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Rat health and welfare

Health logo © RSPCA publications and brand 2010

Ensure your rats are protected from pain, suffering, injury and disease
 

 

Infant rat on hand © Fotolia

Rats need: 

  • Checking regularly/carefully to ensure they’re happy/healthy. Common problems include tumours (especially females)/breathing problems/obesity/overgrown teeth. Checking your rats (pdf 198kb).
     
  • You to be familiar with them/their normal behaviour, helping you bond and notice if they’re unwell. 
     
  • Observing closely for signs of stress/pain/illness/injury. Consult a vet immediately. Rats feel pain but don’t show outward signs so may suffer greatly before you realise. Small behavioural changes can indicate something is wrong. Chromodacryorrhoea, red staining around eyes/nose, indicates stress, possibly from illness, social/environmental problems. Stressed rats are more likely to become ill. Signs of concern in rats (pdf 199kb).
     
  • Keeping safe from things that can harm them Keeping your rats safe (pdf 190 KB); Poisonous Materials
     
  • You to consult a vet if they:
    - develop stereotypical behaviour (e.g. repeatedly chewing metal cage bars). Rats suffer if environments don’t suit them/if they’re prevented from behaving naturally. 
    - develop bald patches, to check they don’t have skin problems, e.g. mites/an allergy. Provide more space/enrichment/hiding places so they can avoid one another. Rats spend lots of time grooming. Bald patches (‘barbering’) caused by rats over-grooming themselves or by others, may indicate animals don’t get on/are bored. 
    - are/become obese. Provide opportunities for activity/space with suitable enrichments to encourage exercise.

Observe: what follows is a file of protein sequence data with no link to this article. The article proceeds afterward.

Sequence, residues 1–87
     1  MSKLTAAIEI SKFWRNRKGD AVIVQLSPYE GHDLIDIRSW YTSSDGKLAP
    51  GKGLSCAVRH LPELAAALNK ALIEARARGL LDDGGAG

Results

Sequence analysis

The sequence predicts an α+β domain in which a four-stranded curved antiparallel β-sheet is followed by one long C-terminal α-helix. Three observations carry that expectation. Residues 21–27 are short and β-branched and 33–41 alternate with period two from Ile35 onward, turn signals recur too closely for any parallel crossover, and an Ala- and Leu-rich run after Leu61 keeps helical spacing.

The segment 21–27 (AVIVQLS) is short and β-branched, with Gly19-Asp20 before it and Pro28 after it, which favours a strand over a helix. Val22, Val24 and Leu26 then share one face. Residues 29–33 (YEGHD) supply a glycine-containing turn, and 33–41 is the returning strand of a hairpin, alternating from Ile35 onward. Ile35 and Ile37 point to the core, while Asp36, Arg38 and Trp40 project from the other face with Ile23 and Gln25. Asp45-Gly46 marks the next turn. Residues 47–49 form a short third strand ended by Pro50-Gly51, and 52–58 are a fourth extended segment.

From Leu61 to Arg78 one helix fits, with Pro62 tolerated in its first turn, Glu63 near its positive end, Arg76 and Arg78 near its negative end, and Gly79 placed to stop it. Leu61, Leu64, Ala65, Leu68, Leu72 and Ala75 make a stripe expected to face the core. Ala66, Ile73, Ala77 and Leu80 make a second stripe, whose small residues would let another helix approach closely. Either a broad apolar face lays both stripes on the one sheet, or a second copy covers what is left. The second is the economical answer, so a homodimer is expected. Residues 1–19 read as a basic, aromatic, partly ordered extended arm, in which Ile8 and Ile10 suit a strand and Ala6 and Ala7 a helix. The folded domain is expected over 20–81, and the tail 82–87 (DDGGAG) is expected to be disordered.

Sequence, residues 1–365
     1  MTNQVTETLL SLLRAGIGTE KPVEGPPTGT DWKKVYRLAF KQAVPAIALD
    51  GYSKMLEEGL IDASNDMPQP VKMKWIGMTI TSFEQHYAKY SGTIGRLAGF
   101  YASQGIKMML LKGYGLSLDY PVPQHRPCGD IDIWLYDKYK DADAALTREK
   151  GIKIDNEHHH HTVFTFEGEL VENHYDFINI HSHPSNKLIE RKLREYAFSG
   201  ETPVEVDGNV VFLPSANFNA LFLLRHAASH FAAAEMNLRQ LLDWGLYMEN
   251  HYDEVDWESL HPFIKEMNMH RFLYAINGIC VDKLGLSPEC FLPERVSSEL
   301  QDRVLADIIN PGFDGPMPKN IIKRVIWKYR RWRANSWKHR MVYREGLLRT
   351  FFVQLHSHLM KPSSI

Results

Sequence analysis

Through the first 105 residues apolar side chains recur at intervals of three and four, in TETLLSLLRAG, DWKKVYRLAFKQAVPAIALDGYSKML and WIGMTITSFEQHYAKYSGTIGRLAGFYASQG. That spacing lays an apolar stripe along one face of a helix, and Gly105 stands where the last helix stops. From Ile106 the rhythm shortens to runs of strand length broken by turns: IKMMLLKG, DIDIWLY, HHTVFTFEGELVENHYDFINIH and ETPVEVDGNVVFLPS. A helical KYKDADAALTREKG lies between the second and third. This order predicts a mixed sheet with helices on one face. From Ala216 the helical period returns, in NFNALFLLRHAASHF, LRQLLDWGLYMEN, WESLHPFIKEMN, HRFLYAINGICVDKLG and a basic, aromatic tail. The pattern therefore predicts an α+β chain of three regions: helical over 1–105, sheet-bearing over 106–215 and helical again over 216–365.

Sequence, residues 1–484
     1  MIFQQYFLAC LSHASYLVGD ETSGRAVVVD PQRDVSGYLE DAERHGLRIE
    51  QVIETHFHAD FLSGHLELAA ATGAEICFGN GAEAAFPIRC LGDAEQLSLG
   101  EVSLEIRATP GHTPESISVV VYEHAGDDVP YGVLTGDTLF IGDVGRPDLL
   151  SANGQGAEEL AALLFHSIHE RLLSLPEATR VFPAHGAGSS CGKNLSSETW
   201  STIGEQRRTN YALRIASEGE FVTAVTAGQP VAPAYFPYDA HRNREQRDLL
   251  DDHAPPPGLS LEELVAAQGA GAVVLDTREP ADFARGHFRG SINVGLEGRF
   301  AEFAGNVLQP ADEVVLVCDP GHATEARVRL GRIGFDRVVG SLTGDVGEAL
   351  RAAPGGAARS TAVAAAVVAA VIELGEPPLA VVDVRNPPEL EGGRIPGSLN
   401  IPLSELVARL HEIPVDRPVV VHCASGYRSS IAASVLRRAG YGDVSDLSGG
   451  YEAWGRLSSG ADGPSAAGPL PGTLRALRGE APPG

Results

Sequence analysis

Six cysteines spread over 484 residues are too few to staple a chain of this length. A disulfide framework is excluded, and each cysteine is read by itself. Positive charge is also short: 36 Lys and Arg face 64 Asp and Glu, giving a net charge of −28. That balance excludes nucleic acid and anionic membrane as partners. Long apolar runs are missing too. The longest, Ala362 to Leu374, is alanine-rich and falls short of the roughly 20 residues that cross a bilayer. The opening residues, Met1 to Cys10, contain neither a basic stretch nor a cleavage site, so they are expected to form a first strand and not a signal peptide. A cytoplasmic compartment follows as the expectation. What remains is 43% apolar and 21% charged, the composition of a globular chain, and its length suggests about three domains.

• Suitable gnawing material, preventing teeth growing continuously, causing health problems/pain. Rats’ teeth grow continuously throughout life; gnawing/chewing wears them down. Gnawing behaviour (pdf 175kb).
     
  • Regular veterinary checkups. Ask the vet to check teeth are growing correctly and about protecting health, e.g. vaccination/worming/neutering.
     
  • Transporting carefully, reducing stress wherever possible. Don’t transport them unless absolutely necessary. Transporting your rats (pdf 180kb).  
     
  • Caring for by a responsible person when you’re away to meet all their welfare needs within your home. Provide all necessary information to look after your rats. 
     
  • Constant supervision when with another animal/person who may deliberately/accidentally harm/frighten them.
     
  • Neutering if males and females are kept together - avoiding unwanted pups. Seek veterinary advice.
     
  • Consideration. Before getting rats, investigate breed-specific needs and what health/behaviour problems are most common. Some breeds have specific physical features and may have health/welfare problems.